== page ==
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Why Britain is angry

There is more than meets the eye to the British High Commissioner’s incessant attacks on the government of Kenya.
15 February 2005 - Deremo Maiko

For years, the British have concentrated on quiet diplomacy in their relations with the Kenyan government. Not even the darkest days of the Kanu regime could prod its representatives to alter their stiff hands-off mien.

But as the economic equilibrium changes, commercial interests appear to be reshaping the gentlemanly British diplomacy in favour of more aggression. And having been soft on the 24-year mismanagement of the economy by the Moi Regime, they are finding miserable reception especially on the gravy train, which appears to have taken off yet again.

They have been there done that. Now, from Italians seeking to manage Nairobi water system, to Russians dying to supply the military through the Chinese wanting to cheaply equip the telecoms sector, competition is stiff and unchecked.

The French have now stepped up their bilateral aid, and behind the scenes, it appears this is a crucial diplomatic choice weapon against the UK; timely as the Kenyan economy shows clear signs of emerging from the woods at the vanguard of the East African Community and emerging peace in oil-rich Sudan and lawless Somalia.

For the Britons, corruption has all of a sudden apparently become a reality to be shouted about, not just be rebuked over diplomatic cup of tea. For Kenyans, they have shouted themselves hoarse over nearly three decades.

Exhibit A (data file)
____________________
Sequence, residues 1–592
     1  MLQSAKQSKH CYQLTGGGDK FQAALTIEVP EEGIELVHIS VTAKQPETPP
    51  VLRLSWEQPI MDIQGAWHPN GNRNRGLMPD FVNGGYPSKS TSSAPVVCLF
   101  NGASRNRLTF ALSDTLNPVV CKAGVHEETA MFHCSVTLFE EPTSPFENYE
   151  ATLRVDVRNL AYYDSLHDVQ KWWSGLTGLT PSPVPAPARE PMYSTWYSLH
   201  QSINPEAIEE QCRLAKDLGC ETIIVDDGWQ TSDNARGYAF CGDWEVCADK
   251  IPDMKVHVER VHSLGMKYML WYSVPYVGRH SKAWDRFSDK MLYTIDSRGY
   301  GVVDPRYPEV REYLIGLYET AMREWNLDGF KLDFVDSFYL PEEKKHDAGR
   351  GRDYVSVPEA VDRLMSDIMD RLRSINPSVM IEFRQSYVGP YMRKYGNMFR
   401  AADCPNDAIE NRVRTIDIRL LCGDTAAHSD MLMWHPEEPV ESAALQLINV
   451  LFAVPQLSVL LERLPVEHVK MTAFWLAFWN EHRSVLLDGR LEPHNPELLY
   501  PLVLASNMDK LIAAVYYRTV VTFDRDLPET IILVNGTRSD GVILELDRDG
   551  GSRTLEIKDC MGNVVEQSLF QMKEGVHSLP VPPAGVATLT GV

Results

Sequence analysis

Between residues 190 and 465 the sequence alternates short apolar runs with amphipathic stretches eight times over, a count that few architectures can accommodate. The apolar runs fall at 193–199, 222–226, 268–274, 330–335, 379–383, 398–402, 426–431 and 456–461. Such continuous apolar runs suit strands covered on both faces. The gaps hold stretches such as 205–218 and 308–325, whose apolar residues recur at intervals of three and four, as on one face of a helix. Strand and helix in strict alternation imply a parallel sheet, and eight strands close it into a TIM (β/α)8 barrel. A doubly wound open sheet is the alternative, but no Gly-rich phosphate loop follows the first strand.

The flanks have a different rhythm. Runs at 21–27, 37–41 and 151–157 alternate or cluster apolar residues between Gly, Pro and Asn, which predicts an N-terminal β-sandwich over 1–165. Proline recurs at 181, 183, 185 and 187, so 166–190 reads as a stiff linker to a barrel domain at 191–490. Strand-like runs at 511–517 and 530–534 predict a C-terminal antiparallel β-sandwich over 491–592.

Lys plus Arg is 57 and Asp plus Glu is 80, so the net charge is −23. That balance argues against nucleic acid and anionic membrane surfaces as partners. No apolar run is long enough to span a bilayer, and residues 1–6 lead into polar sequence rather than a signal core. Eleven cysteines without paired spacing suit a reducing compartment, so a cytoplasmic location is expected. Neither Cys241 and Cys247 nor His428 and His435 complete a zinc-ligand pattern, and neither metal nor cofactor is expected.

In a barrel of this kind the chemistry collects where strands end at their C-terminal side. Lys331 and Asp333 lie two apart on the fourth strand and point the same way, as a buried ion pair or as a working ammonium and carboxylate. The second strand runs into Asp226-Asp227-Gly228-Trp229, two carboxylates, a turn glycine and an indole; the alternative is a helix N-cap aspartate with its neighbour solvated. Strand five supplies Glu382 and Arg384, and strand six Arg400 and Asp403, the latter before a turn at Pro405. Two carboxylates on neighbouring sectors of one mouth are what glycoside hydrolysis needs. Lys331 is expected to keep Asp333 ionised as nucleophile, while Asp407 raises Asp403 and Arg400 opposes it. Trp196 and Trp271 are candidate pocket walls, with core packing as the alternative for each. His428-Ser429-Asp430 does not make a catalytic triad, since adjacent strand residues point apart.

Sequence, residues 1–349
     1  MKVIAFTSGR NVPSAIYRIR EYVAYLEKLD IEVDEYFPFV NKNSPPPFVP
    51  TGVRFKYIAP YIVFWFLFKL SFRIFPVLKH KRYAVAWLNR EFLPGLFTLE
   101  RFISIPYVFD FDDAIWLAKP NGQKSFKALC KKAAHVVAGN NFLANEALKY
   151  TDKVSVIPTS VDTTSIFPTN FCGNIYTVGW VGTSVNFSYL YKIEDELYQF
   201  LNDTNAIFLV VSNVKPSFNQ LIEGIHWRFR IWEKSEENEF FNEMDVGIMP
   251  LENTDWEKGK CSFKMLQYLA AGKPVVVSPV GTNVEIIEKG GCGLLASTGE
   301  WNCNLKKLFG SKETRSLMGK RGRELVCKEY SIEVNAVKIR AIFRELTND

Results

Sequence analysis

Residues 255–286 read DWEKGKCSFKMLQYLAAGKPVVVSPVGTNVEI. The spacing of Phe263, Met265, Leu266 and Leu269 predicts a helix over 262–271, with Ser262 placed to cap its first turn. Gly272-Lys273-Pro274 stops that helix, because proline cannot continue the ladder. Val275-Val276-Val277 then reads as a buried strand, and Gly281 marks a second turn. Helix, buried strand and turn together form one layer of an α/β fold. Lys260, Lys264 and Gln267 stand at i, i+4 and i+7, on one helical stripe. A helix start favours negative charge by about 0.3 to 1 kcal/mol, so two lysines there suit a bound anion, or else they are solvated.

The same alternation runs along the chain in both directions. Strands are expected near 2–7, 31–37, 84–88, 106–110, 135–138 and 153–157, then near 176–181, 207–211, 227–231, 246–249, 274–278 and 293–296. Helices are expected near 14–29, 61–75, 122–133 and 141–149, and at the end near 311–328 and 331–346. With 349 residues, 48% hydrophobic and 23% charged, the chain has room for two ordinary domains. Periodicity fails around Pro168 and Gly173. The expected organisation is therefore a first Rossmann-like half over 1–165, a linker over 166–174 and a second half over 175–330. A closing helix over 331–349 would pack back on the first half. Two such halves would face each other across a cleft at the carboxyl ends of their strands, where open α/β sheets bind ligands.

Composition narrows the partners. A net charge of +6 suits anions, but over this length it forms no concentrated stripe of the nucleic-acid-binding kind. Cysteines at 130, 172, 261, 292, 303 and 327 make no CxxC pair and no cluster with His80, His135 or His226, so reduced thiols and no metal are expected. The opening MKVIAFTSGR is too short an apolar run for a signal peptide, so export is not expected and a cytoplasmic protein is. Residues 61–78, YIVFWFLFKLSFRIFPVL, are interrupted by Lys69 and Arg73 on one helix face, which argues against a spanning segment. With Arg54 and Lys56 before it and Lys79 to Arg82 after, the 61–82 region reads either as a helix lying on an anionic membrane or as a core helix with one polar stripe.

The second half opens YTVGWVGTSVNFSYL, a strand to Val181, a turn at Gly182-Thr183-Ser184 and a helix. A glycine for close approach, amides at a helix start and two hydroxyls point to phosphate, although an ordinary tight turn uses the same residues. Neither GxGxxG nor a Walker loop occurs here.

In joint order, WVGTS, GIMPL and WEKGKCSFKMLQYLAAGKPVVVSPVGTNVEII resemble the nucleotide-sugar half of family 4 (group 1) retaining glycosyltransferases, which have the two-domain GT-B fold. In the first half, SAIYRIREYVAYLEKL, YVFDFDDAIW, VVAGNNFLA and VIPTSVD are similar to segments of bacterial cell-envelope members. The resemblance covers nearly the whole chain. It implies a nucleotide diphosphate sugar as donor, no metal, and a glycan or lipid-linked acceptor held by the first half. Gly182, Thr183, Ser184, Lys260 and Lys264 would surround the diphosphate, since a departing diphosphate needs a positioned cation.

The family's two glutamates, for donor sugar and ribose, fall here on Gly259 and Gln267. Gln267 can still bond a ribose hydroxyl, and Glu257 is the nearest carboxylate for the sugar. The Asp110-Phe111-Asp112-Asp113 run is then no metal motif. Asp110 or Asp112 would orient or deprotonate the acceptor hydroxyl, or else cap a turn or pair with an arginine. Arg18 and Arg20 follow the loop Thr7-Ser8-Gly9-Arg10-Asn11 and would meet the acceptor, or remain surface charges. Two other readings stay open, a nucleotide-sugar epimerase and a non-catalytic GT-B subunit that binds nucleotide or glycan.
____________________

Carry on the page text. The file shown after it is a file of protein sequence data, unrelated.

Commercial problems with the Kenya government appear to revolve around the publicly quoted UK security-document printer De la Rue. In 1994, the transnational firm set up shop at the tax haven zone just outside Nairobi in one of the biggest foreign investment under the Kanu regime. Its proponents have always seized on the investment in arguing that they should get preferential treatment from the Kenyan government.

A less publicised incident involved supply of equipment to Central Bank of Kenya where the firm lost to a competitor last year under hazy circumstances. But what has stolen the limelight certainly is a project to supply the immigration department with terrorist-proof passports. The project was mooted in the last two years of the Kanu government but wasinitialed in 2003, the first year of the Narc administration.

Initially estimated to cost some $10 million, the scope was later expanded under dubious circumstances to cost four times that. When the scandal was revealed by the media and Parliament, it spawned such a brou haha that the new government has never been able to live down.

The truth of the matter is that the project—together with another for building a police forensic lab involving almost the same amount—was to be financed through a shadowy Liverpool, UK-based firm called Anglo-Leasing and Finance.